What's That Bug? does not endorse extermination

Subject:  Bug from Maui found in wood art
Geographic location of the bug:  In Oregon now, brought Tiki from Hawaii
Date: 03/09/2019
Time: 12:43 PM EDT
Your letter to the bugman:  Hi, Our Tiki from Hawaii had sawdust around it for awhile, I put in a container. A couple months later these two guys showed up. Wondering what they are. Gave them some water but not sure I want to let them loose. They bore big holes in wood.
Thanks!
How you want your letter signed:  Verlan & Kristi

Kiawe Borer

Dear Verlan & Kristi,
This is a Kiawe Roung-Headed Borer,
Placosternus crinicornis, an invasive species in Hawaii.  Its larvae are wood borers that feed on Kiawe or Prosopsis, and ccording to Wikipedia, Kiawe or Prosopis limensis is a species of mesquite native to South America.  According to BugGuide:  “This beetle’s host plant, Kiawe (Prosopis pallida), is a tropical mesquite native to Peru, Ecuador and Colombia that was introduced to Hawai’i by a single seed planted in a courtyard in Honolulu in 1826. Kiawe spread to all islands and became a source of nectar for honey production, the abundant seed pods produced became fodder for a growing cattle industry, and the wood is prized for smoking meats and barbecue. The first Kiawe Round-headed Borer was collected in 1904. The beetles are attracted to felled trees and cut wood.”  Beetles with wood boring larvae frequently emerge from milled lumber many years after the tree that contained the larva was felled.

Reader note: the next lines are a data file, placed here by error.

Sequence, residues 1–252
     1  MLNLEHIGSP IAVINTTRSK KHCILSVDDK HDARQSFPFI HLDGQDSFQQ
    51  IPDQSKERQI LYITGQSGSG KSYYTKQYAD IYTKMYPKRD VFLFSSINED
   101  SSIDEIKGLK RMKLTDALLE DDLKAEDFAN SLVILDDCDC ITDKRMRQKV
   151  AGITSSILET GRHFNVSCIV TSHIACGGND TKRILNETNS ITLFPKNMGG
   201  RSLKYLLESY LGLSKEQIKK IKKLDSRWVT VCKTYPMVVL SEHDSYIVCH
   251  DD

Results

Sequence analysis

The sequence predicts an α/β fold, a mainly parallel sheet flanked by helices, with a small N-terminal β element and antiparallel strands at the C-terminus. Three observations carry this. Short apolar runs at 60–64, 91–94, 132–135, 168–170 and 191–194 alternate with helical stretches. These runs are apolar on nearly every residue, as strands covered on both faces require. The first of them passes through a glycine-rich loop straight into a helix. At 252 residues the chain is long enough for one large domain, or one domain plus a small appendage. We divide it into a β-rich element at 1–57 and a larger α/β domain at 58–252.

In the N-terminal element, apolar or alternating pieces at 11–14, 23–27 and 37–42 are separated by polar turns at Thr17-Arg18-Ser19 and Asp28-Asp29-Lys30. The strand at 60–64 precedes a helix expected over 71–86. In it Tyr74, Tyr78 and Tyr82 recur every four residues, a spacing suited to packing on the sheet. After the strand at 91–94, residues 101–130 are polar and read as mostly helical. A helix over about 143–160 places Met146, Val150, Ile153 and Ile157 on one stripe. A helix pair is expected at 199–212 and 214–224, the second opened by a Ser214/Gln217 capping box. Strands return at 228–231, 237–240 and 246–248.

Kiawe Borers

What's That Bug? does not endorse extermination